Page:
So, in response to the debate of whether or not any kind of online education method is better or worse or cheaper or more efficient or one of the seven signs of the apocalypse, I offer this response: You’re all wrong, even with partial truths and nuggets of wisdom everywhere. We can go over all the details of the rights and wrongs in all the arguments, but you can already imagine them (and we’ll continue to have fruitful conversations that work out details). Technology, whatever it is, from paper to Power Point to Prezi to prudent and purposeful online pedagogy, can have its benefits. And its weaknesses. That’s the short answer.
The problem is that no one is asking the right question. It shouldn’t be “What’s the best tool with which to teach?” It should be “What is the goal of this thing we’re calling “learning” in the first place?” There isn’t a “right” answer to this question. Instead, we get to decide what we want the answer to be, shape teaching and learning environments purposefully to aim towards the goals we set, and all the while continue to see if we’re getting the details right.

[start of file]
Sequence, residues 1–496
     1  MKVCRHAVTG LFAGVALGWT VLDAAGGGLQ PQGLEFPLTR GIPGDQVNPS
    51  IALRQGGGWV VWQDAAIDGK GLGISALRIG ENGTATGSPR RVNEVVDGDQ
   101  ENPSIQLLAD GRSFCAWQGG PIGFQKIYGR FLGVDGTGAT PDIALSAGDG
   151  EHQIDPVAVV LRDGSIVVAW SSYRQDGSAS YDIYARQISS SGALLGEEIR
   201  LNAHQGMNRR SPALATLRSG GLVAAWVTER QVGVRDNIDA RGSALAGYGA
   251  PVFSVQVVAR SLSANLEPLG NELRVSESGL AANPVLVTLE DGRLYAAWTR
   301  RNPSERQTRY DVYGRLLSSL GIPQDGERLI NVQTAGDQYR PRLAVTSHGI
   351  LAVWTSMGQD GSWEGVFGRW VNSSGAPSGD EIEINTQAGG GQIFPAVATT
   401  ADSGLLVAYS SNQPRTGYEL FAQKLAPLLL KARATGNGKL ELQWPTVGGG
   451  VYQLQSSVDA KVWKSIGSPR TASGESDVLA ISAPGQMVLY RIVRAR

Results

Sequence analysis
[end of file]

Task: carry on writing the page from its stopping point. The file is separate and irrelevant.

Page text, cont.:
Too often, I think, we equate teaching and learning with transmission of information, disseminating knowledge, or (the one that really boils my blood) “delivering content.” If this is what you think and/or need learning to be — and this may be perfectly legitimate in many cases — then a book, video, or slide presentation could be exactly what you need to use. Put the material online, and if “knowing” something is the same as remembering what the words on the page or screen happen to say, then we can continue to strive towards better ways of getting other humans to store images of that which their eyes have seen, recordings of what their ears have heard. A lot of us scoff at this, but when faced with choices about what and how we want our kids to learn, we get drawn into philosophies and schools that “go back to basics.” This may or may not be a bad thing, but often these “basics” are about reading classic works, rehearsing algorithms, and collecting facts. It’s possible that this is exactly what we want for education. In such a society, online education could be ideal. With mobile technologies, the delivery of information can be aimed not just at computer terminals on desks, but the handheld devices in our pockets.